Newaygo County, Mich. — Chronic Wasting Disease has been confirmed in three white-tailed deer by the Michigan Department of Agriculture and Rural Developement (MDARD).
CWD is a fatal neurological disease that affects white-tailed deer, mule deer, elk, and moose. CWD can be transmitted directly from one animal to another, as well as indirectly through the environment. Infected animals may display abnormal behavior, progressive weight loss and physical debilitation.
Governor Gretchen Whitmer in December vetoed legislation lifting the ban on deer and elk bating in Michigan, citing CWD concerns for her actions against the bill.
The legislation would have allowed hunters to bait and feed for deer and elk in the Lower Peninsula and portions of the Upper Peninsula.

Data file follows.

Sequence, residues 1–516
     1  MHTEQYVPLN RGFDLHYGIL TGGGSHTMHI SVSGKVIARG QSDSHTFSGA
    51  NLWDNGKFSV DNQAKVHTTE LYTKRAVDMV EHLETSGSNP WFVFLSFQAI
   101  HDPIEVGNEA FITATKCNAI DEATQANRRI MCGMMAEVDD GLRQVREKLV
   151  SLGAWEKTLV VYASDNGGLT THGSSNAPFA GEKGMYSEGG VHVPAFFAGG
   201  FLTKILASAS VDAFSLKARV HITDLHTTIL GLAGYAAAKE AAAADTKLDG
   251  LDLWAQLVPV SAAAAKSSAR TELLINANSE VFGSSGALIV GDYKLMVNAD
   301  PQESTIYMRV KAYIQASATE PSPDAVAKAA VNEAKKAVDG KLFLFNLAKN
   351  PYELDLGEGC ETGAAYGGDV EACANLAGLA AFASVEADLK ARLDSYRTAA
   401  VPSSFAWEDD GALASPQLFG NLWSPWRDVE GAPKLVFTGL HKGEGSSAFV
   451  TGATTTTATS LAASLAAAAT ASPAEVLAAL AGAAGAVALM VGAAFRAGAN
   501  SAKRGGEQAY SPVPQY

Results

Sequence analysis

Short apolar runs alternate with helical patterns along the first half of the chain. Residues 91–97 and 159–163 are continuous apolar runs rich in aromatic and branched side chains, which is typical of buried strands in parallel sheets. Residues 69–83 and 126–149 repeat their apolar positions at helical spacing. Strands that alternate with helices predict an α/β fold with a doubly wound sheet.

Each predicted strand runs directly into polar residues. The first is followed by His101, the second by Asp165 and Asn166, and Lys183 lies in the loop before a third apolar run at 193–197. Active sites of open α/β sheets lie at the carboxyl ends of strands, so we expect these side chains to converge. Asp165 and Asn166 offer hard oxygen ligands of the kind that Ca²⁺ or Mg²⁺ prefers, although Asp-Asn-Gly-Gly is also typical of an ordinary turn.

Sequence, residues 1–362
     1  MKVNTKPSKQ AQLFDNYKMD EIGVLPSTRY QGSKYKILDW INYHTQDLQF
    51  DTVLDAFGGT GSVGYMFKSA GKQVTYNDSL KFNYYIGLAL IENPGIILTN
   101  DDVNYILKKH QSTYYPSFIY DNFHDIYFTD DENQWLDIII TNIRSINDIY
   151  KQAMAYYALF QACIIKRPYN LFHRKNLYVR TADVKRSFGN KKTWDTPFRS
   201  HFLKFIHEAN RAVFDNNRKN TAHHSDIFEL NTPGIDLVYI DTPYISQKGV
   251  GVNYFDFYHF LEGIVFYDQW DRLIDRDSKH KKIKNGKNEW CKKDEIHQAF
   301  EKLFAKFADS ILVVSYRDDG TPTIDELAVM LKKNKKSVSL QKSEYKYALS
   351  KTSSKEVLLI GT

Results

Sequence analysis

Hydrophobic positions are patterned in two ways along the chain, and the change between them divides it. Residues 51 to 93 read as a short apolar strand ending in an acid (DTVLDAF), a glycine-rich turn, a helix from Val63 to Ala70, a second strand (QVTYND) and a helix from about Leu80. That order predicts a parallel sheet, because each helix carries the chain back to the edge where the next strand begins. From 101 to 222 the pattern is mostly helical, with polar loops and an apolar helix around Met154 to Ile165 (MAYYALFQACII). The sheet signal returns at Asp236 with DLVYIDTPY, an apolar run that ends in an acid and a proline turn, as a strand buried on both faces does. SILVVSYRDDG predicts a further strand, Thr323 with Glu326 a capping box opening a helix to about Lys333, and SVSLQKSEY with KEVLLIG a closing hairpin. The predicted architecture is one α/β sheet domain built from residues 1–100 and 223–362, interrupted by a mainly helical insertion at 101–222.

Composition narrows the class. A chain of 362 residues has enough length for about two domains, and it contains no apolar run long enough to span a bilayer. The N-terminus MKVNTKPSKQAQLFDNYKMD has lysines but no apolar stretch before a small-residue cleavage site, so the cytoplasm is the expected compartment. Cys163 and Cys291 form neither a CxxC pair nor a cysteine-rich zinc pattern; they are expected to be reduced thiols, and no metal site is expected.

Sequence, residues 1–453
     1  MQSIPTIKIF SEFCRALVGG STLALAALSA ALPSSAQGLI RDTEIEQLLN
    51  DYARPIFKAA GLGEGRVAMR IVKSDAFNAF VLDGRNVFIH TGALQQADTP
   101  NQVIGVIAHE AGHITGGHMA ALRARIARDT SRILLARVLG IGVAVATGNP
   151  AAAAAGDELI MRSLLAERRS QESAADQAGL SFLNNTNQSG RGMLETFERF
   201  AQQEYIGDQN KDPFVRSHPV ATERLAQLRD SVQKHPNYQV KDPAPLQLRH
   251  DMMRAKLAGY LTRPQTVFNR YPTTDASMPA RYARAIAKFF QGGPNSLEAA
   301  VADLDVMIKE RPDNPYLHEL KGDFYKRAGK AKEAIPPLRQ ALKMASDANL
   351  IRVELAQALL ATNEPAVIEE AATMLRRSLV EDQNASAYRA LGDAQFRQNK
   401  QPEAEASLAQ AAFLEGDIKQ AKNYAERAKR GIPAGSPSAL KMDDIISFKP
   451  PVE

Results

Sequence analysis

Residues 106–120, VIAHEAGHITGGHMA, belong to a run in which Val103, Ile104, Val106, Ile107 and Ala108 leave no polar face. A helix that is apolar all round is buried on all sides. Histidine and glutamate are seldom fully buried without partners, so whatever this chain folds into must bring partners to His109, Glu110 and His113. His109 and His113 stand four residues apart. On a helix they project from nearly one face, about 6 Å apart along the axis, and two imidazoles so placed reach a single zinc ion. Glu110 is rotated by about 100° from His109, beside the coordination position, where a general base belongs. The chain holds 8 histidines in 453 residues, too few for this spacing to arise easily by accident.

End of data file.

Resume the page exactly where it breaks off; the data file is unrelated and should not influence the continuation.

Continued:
“I remain fully committed to protecting Michigan’s wildlife, public health, and agriculture jobs,” Whitmer said in a statement. “This legislation would’ve increased the chance of spreading wildlife disease within wildlife populations and the beef and dairy industries, which are vital to Michigan’s economy. That’s not a risk we can afford to take.”
To date, there have been no reported cases of CWD infection in humans. However, as a precaution, the U.S. Centers for Disease Control and the World Health Organization recommend that infected animals not be consumed as food by either humans or domestic animals.
The DNR is asking people who observe unusually thin or strangely-acting deer to call the DNR Wildlife Disease Lab at 517-336-5030 or fill out and submit the online observation report found on the DNR website.
More information about CWD can be found at Michigan.gov/CWD.